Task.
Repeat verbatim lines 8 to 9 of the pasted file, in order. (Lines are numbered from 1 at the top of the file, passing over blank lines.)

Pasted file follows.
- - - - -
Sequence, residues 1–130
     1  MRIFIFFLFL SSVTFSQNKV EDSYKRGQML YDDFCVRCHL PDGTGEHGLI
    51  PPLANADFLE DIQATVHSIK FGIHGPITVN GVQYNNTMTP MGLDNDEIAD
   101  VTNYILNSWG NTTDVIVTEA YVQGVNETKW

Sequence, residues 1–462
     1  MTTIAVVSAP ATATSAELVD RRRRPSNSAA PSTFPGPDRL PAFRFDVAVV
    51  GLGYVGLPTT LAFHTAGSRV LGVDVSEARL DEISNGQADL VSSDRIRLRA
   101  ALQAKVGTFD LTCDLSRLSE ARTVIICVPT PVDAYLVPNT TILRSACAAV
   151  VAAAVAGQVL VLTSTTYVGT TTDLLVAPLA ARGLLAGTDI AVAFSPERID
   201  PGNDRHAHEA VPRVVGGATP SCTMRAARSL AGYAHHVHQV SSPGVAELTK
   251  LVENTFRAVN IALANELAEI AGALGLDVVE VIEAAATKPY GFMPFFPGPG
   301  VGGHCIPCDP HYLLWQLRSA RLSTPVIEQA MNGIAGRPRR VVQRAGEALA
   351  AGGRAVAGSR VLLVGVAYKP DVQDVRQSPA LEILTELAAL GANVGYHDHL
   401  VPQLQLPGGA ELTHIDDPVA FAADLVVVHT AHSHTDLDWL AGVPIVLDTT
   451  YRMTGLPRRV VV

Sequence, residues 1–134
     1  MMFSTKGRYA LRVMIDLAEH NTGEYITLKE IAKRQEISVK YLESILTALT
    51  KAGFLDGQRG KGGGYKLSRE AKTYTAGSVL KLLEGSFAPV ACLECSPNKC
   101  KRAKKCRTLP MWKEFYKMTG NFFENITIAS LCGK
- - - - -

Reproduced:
   101  ALQAKVGTFD LTCDLSRLSE ARTVIICVPT PVDAYLVPNT TILRSACAAV
   151  VAAAVAGQVL VLTSTTYVGT TTDLLVAPLA ARGLLAGTDI AVAFSPERID